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By City Councilmember Nick Licata. With assistance from LA Newell Aldrich.
Urban Politics (UP) blends my insights and information on current public policy developments and personal experiences with the intent of helping citizens shape Seattle’s future.
- ALASKAN WAY VIADUCT UPDATE
- URBAN MOBILITY PLAN LEGISLATION
- SURFACE ANALYSIS AND SCRUTINY
The State, City and King County have agreed to some short-term retrofitting of the Viaduct, upgrades to the Battery Street Tunnel, building a new State Route 99 from Holgate to King Street, and other improvements totaling around $900 million. This work will take place from 2007 to 2012. The target for a solution for the downtown waterfront is the next two years.
On May 29 the City Council approved an Urban Mobility Plan study, which will examine the future of the Alaskan Way Viaduct in the context of all the traffic which passes through downtown, in cooperation with the Washington State Department of Transportation and King County.
I supported this legislation for the following reasons:
- It will provide hard facts not vague promises in determining the viaduct’s future;
- It recognizes that we must make regional transportation improvements ‘first’ before we flood our downtown, and possibly I-5, with more vehicles;
- It focuses our energies on the substance of solutions, not on the design of those solutions.
The final version of the legislation included revisions I proposed to include an analysis of origin and destination data for all Viaduct users, and to maintain large vehicle access to downtown.
Our common goal should be to make Seattle more affordable and accessible for working families who rely on dependable transportation alternatives.
In the short term, it is critical that the Viaduct be retrofitted in the area adjacent to Washington Street, the most vulnerable area of the structure. This work will begin soon, and is why I am able to support the legislation.
The money being spent on the study is not new funding. It represents a re-allocation of unspent 2007 budget spending approved during 2006 budget process for Alaskan Way Viaduct planning that has yet to be spent this year. The money was formerly being spent principally on developing a tunnel to replace the Viaduct.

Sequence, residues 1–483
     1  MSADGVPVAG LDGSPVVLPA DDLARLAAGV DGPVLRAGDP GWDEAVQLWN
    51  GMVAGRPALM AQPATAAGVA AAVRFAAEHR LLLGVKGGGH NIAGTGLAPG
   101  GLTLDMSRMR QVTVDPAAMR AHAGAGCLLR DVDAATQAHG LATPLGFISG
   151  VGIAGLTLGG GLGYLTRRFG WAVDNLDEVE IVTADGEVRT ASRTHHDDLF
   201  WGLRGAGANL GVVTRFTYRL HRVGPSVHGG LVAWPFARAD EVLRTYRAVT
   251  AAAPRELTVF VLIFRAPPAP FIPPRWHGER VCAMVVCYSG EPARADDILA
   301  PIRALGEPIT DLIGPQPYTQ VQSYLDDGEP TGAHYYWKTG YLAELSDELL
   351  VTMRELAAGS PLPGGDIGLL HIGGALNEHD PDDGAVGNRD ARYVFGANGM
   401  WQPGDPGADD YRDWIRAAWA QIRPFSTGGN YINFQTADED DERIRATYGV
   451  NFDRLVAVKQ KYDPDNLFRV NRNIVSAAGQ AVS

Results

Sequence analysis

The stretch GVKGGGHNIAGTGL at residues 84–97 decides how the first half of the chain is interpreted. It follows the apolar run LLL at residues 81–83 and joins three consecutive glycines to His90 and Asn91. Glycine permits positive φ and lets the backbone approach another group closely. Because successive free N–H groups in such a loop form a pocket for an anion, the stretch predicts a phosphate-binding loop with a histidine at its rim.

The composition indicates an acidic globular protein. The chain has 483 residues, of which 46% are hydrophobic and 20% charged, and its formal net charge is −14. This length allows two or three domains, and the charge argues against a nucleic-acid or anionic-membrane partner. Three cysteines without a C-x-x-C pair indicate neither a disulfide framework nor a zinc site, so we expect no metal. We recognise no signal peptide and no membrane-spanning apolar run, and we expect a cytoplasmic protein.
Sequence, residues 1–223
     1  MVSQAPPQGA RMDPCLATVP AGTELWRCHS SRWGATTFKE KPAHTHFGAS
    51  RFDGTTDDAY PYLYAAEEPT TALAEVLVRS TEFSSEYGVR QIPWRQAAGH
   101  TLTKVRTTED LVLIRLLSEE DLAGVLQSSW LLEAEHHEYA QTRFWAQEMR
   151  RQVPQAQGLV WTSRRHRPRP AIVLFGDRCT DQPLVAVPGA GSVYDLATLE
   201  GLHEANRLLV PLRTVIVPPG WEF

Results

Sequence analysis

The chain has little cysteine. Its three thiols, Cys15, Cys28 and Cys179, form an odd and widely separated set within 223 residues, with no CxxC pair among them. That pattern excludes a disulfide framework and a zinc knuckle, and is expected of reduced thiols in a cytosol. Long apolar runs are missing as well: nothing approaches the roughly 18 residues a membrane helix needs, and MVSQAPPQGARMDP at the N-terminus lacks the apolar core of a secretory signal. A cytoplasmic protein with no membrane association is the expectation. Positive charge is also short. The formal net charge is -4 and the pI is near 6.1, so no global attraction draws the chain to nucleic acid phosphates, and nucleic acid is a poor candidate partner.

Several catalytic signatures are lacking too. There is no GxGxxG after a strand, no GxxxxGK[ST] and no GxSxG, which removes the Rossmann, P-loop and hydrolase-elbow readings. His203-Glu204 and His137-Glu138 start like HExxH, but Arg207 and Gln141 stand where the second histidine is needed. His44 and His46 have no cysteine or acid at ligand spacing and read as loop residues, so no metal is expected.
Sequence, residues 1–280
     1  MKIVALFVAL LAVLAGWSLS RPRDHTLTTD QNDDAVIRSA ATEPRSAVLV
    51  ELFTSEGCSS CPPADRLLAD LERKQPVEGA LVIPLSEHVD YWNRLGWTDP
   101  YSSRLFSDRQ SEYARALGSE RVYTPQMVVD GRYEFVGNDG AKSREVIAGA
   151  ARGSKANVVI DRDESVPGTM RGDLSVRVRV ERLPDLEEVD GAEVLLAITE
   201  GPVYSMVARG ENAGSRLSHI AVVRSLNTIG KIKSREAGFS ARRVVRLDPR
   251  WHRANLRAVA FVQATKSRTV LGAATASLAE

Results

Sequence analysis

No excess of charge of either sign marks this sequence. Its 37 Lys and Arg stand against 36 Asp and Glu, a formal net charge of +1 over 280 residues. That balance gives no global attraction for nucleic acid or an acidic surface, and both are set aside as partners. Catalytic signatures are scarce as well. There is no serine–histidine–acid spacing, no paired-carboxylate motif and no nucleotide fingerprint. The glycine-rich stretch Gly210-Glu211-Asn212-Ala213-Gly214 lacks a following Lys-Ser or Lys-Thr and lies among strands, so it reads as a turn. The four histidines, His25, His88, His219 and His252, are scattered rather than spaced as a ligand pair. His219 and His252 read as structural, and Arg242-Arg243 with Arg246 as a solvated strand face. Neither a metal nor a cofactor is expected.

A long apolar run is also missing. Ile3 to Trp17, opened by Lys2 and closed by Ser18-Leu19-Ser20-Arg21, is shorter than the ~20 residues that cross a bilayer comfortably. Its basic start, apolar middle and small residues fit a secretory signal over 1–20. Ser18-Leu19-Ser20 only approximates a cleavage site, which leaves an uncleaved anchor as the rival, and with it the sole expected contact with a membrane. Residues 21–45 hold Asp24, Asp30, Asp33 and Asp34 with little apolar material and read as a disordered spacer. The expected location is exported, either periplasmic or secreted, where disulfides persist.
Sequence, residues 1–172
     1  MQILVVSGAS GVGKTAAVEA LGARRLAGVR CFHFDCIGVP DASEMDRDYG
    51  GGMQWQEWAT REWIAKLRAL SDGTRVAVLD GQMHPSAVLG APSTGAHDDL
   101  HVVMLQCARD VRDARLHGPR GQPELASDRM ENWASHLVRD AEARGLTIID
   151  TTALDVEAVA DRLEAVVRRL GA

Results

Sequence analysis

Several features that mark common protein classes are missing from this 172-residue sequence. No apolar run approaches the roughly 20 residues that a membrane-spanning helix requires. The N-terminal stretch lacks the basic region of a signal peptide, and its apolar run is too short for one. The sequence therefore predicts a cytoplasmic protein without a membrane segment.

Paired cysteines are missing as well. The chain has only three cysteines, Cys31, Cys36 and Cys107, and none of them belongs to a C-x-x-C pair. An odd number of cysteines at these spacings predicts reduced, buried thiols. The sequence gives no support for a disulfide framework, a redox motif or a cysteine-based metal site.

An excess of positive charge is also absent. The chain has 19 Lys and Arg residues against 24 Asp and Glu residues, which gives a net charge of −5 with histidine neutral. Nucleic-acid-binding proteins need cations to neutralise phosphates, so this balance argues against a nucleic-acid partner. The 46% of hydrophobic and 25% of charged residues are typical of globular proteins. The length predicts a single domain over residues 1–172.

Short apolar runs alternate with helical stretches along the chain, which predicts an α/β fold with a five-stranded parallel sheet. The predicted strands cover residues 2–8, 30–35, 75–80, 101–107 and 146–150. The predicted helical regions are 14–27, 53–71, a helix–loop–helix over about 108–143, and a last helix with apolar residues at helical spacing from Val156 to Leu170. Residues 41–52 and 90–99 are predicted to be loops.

While this legislation will allow a surface option to be considered, it will also subject a surface proposal to a level of scrutiny and detailed analysis that has been absent until this point. I supported an earlier, smaller Council analysis of a surface street option, which reached a number of conclusions that will serve as a challenge a surface option must overcome in order to be acceptable. The study found:
a. A surface street replacement would result in greater pollution and congestion, and showed how streets with too much vehicle traffic quickly become pedestrian unfriendly, such as Aurora Avenue North.
a. By accommodating 110,000 vehicles per day, the Viaduct frees up capacity on the surface street system, providing flexibility for buses and cars
b. If Viaduct capacity were reduced, or trips diverted downtown, future decision-makers would have little flexibility for the surface street system to accommodate transit needs in the future, because the Downtown grid can accommodate about 20-30% of Alaskan Way Viaduct traffic during peak periods; once you get to 40-50%, you start breaching the capacities of the streets
c. Bus capacity is not simply a function of adding more buses to street space, since there is an optimal number of buses that can operate with the available curb space. Beyond that, additional buses degrade transit operations.
d. That cases where other cities have removed freeways have different conditions than present with the Alaskan Way Viaduct, and additional capacity available.
e. For southbound trips, around ¼ begin north of the City limits, and nearly ½ go to south of the City; about 1/3 goes to West Seattle
f. Over 60% of northbournd Viaduct traffic comes from south of Spokane Street, and 18% from West Seattle.
I put this information forward for two reasons:
- So that surface supporters head into this with their eyes open, and
- So that surface opponents realize this is nowhere near a done deal.
Through this study, we will find out whether a surface replacement is viable. If it isn’t, we’ll have to pursue another solution. Before the March election, I supported an elevated replacement for the viaduct. However, the election results were unfavorable for both the elevated and a tunnel. At this point, it is not politically feasible to move forward with either option before carrying out this analysis. The information we gather will inform a decision on another option if the surface option doesn’t work.
Whether additional trips can be accommodated on public transit, whether regional trips can be accommodated, whether freight traffic can be accommodated, and whether Downtown streets can handle additional traffic while remaining pedestrian-friendly will determine whether a surface solution is viable.